Consumers know fragrance is found in perfumes and colognes, shampoo, deodorant, lotion and makeup. And it’s easy to detect noxious chemical scents from fingernail polish, cleaning fluids or dryer sheets. But chemical fragrance can also be found in the food we eat, the toys our children handle, the paper products we use – and all those smaller exposures add up.
Tuolene, styrene, parabens and formaldehyde are just a few of the chemicals allowed to be in Health & Beauty Care (HBC) products without warning labels. Unfair, said Whelan, who believes requiring explicit labeling gives consumers data necessary for truly informed choice. “If these chemicals are safe, then why is industry so afraid of disclosing them?” he asked. “They are testing their products on us… we are guinea pigs.”
According to Whelan, women and teenaged girls use up to 20 scented personal care products a day, while men use about half that. Routes of toxic chemical and metals exposures include absorption through skin, inhalation, ingestion and the most direct route, injection. Over time, daily low exposures to chemicals and metals result in bioaccumulations in our tissues… until our body burden reaches its unique toxic tipping point.
Because everyone reacts differently to chemical exposures, debate continues over whether the toxicity science is truly settled. Doubt permits the chemical industry to ignore the precautionary principle, often with detrimental or even lethal results for consumers. “They’re sick people, they’re dying people, they’re people that have birth defects or learning disabilities,” said Dr. Jennifer Sass, senior scientist with the Natural Resources Defense Council. “With toxic chemicals, we keep being exposed – until we’re certain that it might cause harm. That means waiting for data, and those data are body bags.”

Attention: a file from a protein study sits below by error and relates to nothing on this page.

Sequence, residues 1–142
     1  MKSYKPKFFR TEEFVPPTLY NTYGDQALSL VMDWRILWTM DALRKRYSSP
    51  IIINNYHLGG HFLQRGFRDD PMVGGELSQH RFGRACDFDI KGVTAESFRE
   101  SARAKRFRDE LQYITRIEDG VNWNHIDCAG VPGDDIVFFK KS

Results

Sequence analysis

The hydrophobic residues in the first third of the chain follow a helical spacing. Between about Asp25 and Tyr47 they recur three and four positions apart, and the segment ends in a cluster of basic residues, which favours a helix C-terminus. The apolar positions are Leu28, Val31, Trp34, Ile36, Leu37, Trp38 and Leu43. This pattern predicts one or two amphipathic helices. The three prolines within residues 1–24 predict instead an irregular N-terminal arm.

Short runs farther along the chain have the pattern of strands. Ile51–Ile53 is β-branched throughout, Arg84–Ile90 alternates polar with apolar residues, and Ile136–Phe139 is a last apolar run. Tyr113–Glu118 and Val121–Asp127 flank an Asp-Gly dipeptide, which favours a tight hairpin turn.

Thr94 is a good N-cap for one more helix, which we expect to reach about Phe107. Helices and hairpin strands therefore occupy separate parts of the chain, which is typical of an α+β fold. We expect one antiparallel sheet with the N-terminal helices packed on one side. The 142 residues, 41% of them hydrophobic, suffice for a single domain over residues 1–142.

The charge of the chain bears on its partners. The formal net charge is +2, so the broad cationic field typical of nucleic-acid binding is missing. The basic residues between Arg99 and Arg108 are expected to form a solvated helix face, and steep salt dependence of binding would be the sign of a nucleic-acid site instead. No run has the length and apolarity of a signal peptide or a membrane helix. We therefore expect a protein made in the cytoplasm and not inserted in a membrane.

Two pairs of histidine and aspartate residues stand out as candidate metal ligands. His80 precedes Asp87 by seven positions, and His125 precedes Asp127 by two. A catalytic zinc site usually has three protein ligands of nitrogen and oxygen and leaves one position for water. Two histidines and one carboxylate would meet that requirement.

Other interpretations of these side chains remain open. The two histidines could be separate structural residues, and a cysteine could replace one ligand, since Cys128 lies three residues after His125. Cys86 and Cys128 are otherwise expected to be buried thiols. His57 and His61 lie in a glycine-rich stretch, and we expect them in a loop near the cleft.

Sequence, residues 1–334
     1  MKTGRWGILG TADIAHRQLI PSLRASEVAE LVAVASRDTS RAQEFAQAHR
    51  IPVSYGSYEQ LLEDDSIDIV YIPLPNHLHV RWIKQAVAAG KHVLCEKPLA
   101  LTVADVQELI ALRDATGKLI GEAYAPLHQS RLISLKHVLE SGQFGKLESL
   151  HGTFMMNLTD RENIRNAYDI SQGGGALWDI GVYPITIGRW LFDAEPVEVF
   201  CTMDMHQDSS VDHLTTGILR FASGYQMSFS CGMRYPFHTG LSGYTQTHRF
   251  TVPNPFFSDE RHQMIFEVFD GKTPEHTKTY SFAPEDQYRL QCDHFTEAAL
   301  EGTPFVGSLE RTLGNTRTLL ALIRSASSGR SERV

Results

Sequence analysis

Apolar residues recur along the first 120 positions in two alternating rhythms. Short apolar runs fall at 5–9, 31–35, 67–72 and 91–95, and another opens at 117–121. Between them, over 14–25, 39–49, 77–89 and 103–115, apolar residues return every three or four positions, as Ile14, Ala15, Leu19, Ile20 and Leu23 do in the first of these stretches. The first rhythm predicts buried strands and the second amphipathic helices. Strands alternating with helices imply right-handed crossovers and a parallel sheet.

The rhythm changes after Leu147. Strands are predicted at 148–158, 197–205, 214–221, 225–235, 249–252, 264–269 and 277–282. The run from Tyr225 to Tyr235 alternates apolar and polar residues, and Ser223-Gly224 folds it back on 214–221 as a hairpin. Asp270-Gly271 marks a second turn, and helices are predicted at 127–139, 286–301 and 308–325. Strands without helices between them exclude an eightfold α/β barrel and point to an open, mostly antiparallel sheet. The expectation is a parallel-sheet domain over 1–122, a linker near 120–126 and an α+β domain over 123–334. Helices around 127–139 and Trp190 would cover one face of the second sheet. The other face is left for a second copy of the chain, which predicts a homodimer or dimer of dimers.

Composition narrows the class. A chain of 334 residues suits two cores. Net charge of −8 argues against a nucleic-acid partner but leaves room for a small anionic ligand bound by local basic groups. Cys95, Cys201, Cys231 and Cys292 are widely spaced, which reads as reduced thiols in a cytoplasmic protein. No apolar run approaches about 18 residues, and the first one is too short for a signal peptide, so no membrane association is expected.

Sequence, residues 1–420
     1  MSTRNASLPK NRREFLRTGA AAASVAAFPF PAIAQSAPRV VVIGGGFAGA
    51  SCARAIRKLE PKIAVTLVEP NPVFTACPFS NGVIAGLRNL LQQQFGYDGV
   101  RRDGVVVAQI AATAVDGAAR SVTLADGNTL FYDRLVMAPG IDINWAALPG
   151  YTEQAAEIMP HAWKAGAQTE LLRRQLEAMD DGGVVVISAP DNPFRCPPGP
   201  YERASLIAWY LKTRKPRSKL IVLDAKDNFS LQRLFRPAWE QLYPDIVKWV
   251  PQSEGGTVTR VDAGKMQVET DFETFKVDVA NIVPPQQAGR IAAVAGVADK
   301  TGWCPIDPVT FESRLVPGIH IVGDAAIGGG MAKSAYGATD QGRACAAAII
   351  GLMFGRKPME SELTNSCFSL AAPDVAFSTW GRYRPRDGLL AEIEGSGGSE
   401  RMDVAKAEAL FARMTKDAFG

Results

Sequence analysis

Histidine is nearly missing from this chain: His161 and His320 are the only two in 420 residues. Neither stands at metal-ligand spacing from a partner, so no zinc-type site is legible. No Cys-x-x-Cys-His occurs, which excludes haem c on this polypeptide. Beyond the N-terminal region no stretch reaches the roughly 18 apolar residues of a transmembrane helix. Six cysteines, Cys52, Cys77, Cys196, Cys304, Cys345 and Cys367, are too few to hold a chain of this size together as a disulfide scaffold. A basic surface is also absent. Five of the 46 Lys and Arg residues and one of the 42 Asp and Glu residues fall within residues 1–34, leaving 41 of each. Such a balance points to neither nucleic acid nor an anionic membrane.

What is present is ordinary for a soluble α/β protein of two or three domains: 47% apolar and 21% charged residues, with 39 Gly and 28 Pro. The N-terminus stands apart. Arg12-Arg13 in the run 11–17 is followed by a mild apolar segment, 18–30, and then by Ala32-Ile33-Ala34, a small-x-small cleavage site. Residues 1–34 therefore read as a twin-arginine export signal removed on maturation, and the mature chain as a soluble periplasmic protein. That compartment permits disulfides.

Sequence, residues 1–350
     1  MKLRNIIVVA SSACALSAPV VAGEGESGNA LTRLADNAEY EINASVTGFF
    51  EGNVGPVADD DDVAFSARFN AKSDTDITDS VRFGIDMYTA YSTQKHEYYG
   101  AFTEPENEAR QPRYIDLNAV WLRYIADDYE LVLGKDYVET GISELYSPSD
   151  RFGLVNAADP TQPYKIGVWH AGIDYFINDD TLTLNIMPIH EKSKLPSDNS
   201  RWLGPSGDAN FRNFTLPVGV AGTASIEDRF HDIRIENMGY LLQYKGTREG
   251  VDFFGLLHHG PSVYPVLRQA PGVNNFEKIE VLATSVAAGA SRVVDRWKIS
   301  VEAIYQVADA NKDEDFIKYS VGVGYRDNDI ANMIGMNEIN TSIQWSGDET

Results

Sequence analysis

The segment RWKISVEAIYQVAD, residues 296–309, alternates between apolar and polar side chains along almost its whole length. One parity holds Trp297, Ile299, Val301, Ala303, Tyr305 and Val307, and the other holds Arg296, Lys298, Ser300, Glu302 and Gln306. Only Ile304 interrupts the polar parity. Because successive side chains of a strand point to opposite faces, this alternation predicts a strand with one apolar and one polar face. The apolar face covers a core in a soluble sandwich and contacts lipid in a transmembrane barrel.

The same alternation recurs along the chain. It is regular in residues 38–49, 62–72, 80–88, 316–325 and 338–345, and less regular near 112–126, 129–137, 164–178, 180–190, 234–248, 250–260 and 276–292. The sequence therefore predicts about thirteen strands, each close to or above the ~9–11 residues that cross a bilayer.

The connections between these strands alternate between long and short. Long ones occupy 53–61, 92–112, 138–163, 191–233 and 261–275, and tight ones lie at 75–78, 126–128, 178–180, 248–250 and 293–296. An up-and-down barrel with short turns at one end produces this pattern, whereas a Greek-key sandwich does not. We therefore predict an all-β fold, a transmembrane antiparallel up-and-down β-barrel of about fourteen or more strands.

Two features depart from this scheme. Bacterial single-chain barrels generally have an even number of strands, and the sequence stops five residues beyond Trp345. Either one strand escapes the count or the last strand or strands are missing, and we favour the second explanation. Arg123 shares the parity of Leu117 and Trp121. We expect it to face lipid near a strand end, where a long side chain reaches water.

Stink spotlights the frightening near-fatal experiences of New Jersey teen Brandon Silk, who suffered an anaphylactic reaction to Axe body spray. After a hospital challenge test confirmed Axe was the culprit, Brandon’s mother asked Unilever for a list of the pungent cologne’s ingredients – but initially the company refused. Eventually the boy’s doctors were given a list of Axe’s ingredients, but not until they had signed a medical gag order. (New Jersey is also home to many companies such as BASF, Johnson & Johnson, Proctor and Gamble, Revlon and L’Oreal, all heavy chemical users.)
Preventing such life-threatening reactions was a government priority forty years ago. The Toxic Substances Control Act (TSCA) was signed into law by President Gerald Ford in 1976. But it wasn’t long before chemical industry trade associations stepped up lobbying to avoid government regulations. Starting in the 1980s, state governments began passing laws to counteract lack of federal enforcement of TSCA – so trade unions expanded their lobbying efforts to the states.
Though 80,000 chemicals are now in use worldwide, the strong federal laws and central agency needed to carefully monitor and regulate use do not truly exist. The combined efforts of the U.S. Environmental Protection Agency, the Food and Drug Administration and the Consumer Product Safety Commission (criticized as captured agencies controlled by industry) only provide an ineffective scattershot approach to chemical regulation.
“The law has not given the EPA the authority it needs to identify the chemicals that may be problematic, and secondly, even where we do get info that indicates a chemical is of high concern, EPA lacks the authority to regulate that chemical,” said Dr. Richard Denison, a senior scientist with the Environmental Defense Fund.